To monetise your blog couldn’t have been more easier as more and more people (young people especially) are now turning their blogs into “cash machine”.
But it’s not just about blogging, it’s also about making sure that your blog is monetised in order to at least be able to make something out of your passion.
Best and smartest ways to monetise your blog
So how do you monetise your blog? The following five methods that many marketers have used again and again to make anywhere from a small bit of money to truly impressive sums.
Find the method that works for you, get good at it and you’ll find money rolling into your bank account in no time.
#1). Social Networking
It might seem like nothing more than a pipe dream but making money as you trawl through profiles of friends, prospective and ex-boyfriends and girlfriends is actually a reality.
Yuwie, an upstart social networking enterprise, offers to pay its users as they increase the page impressions of their public profiles, upload photos to share and refer others to join in the fun.
All of this is achieved by a proportionate payment structure that sees around half of the website’s advertising revenue – its chief source of income – distributed directly to its user base.
Admittedly it’s still early days but with around half a million registrations to date and no shortage of testimonials, Yuwie looks like the real deal.
There are two ways to make cash through blogging: either by earning commission from advertising banners placed alongside a blog of your own or by engaging in the (slightly dubious) practice of “sponsored” blogging.
An array of third party tools is available in the case of the former option; Google’s AdSense remains one of the more popular solutions. Just establish yourself a decent blog, configure the ads and see what happens.
Sponsored blogging on the other hand is an altogether more calculated affair, with specialists such as Blogitive and PayPerPost providing a platform through which companies essentially contract bloggers to post favourable content about their products in exchange for cash.
Unethical, granted, though nonetheless undoubtedly fruitful for those subtle enough to get away with it.
#3). Message Boards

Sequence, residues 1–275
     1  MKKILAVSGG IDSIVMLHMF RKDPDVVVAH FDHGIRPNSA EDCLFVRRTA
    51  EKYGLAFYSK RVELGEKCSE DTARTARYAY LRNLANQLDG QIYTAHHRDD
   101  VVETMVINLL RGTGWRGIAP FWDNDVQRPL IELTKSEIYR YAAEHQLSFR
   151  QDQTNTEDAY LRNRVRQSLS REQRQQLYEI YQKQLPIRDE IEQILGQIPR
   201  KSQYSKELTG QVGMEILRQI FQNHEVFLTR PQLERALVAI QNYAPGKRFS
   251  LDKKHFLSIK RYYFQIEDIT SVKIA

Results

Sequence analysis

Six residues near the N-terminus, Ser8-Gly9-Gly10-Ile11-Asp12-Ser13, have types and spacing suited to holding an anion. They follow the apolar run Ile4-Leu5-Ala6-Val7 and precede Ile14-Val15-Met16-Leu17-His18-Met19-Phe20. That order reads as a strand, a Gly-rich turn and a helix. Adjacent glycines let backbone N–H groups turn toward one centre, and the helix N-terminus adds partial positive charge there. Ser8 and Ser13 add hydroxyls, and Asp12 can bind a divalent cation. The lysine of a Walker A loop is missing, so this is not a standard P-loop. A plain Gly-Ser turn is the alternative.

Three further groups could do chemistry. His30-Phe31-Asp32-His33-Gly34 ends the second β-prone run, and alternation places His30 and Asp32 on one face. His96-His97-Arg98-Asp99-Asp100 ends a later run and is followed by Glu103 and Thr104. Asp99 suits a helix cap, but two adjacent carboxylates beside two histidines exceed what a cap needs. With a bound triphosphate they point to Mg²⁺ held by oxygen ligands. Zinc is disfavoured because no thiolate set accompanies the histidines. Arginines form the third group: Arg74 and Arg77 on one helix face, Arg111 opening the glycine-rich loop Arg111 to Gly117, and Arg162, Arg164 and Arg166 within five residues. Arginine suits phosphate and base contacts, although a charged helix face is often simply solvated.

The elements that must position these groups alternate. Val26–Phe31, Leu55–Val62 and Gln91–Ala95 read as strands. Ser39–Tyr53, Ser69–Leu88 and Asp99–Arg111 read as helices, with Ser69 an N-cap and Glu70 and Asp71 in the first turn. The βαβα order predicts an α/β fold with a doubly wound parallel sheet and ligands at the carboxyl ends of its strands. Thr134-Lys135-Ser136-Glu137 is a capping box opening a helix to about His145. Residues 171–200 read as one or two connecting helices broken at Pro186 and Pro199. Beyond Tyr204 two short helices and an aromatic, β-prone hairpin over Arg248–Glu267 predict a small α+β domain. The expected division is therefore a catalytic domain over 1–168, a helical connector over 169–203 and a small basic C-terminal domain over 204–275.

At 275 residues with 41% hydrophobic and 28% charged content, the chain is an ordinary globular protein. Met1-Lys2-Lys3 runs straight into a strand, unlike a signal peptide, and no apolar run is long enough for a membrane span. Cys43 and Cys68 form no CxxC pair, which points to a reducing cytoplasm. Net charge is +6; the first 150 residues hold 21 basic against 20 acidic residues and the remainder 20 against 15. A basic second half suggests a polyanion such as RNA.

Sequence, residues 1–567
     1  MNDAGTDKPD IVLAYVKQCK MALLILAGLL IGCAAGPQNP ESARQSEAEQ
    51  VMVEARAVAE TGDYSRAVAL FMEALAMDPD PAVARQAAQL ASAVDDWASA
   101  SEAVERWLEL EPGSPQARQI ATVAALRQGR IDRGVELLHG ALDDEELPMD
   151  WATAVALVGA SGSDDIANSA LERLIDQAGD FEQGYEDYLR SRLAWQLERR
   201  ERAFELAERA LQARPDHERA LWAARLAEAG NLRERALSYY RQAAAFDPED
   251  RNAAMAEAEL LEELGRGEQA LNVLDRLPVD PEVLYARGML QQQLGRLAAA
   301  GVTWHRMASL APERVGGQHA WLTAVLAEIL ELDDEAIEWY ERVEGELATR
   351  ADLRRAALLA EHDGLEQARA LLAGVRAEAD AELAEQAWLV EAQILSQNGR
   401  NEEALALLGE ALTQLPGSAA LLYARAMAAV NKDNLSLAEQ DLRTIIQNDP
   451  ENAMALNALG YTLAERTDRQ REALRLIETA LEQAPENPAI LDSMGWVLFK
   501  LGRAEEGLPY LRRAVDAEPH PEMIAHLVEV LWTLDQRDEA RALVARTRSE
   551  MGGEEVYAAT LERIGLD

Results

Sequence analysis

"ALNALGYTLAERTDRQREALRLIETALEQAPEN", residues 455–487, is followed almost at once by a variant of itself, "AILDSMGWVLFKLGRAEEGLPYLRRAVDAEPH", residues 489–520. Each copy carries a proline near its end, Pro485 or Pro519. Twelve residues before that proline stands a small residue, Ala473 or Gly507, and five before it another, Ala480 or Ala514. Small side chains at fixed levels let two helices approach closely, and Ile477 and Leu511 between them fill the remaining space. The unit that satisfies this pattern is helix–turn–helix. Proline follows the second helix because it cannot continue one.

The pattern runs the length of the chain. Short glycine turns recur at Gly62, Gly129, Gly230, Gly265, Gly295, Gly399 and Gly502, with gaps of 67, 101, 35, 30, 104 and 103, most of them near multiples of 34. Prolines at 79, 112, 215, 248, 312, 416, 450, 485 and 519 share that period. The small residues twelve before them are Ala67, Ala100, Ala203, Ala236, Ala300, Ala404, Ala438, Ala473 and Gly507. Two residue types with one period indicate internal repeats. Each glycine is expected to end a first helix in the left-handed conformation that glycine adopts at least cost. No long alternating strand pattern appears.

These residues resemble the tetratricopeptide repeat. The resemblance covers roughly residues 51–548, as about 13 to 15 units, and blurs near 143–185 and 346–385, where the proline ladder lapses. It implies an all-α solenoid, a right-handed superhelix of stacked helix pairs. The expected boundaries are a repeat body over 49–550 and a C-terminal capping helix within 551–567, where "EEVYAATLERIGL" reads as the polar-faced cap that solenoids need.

Every message board – both small-time niche operation and gargantuan general interest community alike – relies on posts from its members in order to sustain user interest.
Newly-created forums are particularly dependent on regular contributions in order to encourage conversations and attract the registration of new members.
This, of course, is where you come in. In exchange for a nominal fee of anywhere between £0.01 and £0.10 per post, message board administrators frequently advertise externally for “ringers” to sign up to their endeavours and get the ball rolling. Popular recruiting grounds include webmaster-talk and Digital Point.
#4). Stock Photography
If you have a keen eye for an impressive frame, or even just some half-decent camera kit at your disposal, selling pictures to any one of the plethora of stock photography agencies scattered across the web represents a sure-fire method of generating an income online.
The likes of iStockPhoto and Fotolia offer budding photographers the incentive of earning potentially significant sums for their snaps on a per-download basis in exchange for their other royalty payment rights.
Predictably, the most sought-after depictions are of a fairly mundane nature – think three-quarter view angles of pretty women dressed in suits – though equally inevitable is the high demand in some quarters for photographs of an altogether more risqué nature…
As inglourious a means of making money online as you’re ever likely to find, completing market research surveys for cash is time-consuming, invasive and very, very dull.
It also happens to be very effective. Opportunities in this field are virtually endless too, with literally thousands of research groups vying for your time and attention.
Perhaps the most well known of these is YouGov, whose methodology involves obtaining responses from an invited group of internet users at prices ranging from £0.50 to £2.00 per survey completed.
Registration is free and relatively painless, though if you are planning on going down this route, you would do well to create another email account solely for the purpose of survey completion – your personal details are going to be getting bandied around an awful lot.